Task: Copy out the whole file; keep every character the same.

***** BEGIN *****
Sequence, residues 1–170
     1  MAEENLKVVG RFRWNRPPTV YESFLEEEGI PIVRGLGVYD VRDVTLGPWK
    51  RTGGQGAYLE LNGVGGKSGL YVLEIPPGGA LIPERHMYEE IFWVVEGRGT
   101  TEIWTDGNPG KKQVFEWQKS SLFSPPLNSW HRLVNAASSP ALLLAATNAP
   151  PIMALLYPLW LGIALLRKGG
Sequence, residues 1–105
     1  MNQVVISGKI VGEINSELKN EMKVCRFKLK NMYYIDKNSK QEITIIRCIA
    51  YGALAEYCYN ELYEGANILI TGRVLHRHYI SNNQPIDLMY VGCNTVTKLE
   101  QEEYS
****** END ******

Sequence, residues 1–170
     1  MAEENLKVVG RFRWNRPPTV YESFLEEEGI PIVRGLGVYD VRDVTLGPWK
    51  RTGGQGAYLE LNGVGGKSGL YVLEIPPGGA LIPERHMYEE IFWVVEGRGT
   101  TEIWTDGNPG KKQVFEWQKS SLFSPPLNSW HRLVNAASSP ALLLAATNAP
   151  PIMALLYPLW LGIALLRKGG
Sequence, residues 1–105
     1  MNQVVISGKI VGEINSELKN EMKVCRFKLK NMYYIDKNSK QEITIIRCIA
    51  YGALAEYCYN ELYEGANILI TGRVLHRHYI SNNQPIDLMY VGCNTVTKLE
   101  QEEYS